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The HITRANS Area

The HITRANS area is unique within the UK. Its general remoteness from major population centres is one of its defining features. However, it is also diverse, containing a mixture of islands, remote mainland, rural and urban areas.

The area includes the fast growing city of Inverness and other major settlements such as Elgin and Oban, while also remote islands with populations of under 100 people.

 The main transport issues are different for different communities. Parts of the Inner Moray Firth area face growing road congestion, while for islands in Argyll & Bute the main issue may be the cost and timetabling of ferry services.

The Facts

The area is large, accounting for around 50% of Scotland's land mass. It includes long, indented coastlines as well as mountainous areas. It also has many inhabited islands. These physical features act as barriers to the movement of people and goods. Routes can be slow and/or circuitous, increasing the time and cost of travel.

Despite its size, the HITRANS area is home to less than 10% of Scotland's population. The small scale of the local market means that many businesses have a strong outward focus, selling goods and services outside the area. This means that transport links with other parts of Scotland and beyond are as important as those within the area itself.

The Rural Highlands

 

The wide dispersal of settlements, and sparsity of population and businesses, characterise much of the area. They create a number of challenges for the transport network, especially:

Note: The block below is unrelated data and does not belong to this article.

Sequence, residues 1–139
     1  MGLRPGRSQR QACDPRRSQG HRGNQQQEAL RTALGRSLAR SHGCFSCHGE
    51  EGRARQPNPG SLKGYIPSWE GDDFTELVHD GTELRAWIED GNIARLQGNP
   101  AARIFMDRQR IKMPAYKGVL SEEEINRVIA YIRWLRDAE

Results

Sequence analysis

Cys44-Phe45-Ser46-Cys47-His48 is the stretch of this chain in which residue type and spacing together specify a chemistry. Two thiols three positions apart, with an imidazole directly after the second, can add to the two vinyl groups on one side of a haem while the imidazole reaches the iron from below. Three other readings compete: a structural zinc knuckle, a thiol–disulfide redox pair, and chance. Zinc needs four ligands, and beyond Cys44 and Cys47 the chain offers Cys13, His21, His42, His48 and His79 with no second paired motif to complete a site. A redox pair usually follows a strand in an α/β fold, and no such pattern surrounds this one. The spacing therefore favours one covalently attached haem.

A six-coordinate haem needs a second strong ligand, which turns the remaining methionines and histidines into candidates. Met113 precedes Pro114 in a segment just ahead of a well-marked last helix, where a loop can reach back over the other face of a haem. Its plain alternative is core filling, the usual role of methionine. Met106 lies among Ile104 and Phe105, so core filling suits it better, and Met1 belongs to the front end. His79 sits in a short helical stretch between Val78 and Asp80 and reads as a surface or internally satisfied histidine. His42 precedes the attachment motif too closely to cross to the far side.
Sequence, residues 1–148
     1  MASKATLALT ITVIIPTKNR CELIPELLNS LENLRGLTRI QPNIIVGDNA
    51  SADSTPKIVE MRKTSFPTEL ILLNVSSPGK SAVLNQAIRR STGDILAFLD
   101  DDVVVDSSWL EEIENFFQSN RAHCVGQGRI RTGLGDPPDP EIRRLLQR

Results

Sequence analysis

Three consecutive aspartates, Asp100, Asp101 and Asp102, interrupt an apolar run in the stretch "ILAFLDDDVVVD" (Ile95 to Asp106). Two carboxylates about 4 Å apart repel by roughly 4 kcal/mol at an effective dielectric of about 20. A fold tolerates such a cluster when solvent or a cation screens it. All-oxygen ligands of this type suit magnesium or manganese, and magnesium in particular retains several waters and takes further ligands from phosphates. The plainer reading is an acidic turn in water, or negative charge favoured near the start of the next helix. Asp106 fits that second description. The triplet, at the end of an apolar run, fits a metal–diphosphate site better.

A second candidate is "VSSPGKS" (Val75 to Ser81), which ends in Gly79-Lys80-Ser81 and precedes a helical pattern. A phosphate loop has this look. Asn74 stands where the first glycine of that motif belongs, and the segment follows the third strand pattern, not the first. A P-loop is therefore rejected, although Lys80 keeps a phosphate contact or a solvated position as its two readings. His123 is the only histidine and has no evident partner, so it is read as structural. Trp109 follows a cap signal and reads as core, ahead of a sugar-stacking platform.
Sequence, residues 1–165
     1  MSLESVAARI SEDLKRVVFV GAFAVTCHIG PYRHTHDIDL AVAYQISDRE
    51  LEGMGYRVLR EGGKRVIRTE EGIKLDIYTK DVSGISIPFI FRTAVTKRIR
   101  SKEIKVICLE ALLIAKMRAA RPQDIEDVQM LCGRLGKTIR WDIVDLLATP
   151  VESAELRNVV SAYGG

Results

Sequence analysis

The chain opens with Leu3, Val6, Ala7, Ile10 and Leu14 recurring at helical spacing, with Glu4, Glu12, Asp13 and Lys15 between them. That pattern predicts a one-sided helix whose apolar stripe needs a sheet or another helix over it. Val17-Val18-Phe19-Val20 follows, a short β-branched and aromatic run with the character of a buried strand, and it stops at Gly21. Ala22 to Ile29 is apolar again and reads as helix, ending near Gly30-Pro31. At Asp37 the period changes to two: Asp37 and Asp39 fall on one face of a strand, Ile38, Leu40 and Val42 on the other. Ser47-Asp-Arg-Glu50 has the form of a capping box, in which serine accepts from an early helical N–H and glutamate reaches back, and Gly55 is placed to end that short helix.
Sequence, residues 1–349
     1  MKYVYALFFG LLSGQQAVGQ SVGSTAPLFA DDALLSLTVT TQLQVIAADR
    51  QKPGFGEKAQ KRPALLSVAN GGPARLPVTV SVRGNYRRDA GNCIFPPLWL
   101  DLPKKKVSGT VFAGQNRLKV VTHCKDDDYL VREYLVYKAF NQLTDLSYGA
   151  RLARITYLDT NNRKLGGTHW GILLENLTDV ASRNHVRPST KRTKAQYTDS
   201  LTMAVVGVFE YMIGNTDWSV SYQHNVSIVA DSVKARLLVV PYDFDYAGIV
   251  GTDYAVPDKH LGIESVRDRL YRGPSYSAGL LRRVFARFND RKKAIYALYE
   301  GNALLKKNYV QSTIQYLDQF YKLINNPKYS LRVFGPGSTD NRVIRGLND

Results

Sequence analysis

• Cost effective delivery of public transport. Limited frequency of bus and train services means that for many car ownership is a necessity rather than an option. The cost of road fuel is a key issue for many communities.
  • Long distances involved in trip making, adding time and cost to many journeys.

Population

Some parts of our area are growing strongly, with rising population levels. Others face challenges in terms of sustaining economic activity and reversing population decline. However, as a whole, the area is less prosperous than the Scottish average. There is a need to increase income for businesses and residents in order to close the gap with the rest of the country. It is generally recognised that improving the transport network will play an important part in achieving this objective.

The Environment

The natural environment is important in attracting both visitors and residents to our area. It is also a factor in the quality and marketing of some businesses' products. The environmental resource of the area-wind, wave and tidal-presents a major economic opportunity through renewable energy. The challenge is to continue to develop our transport network without compromising our pristine environment.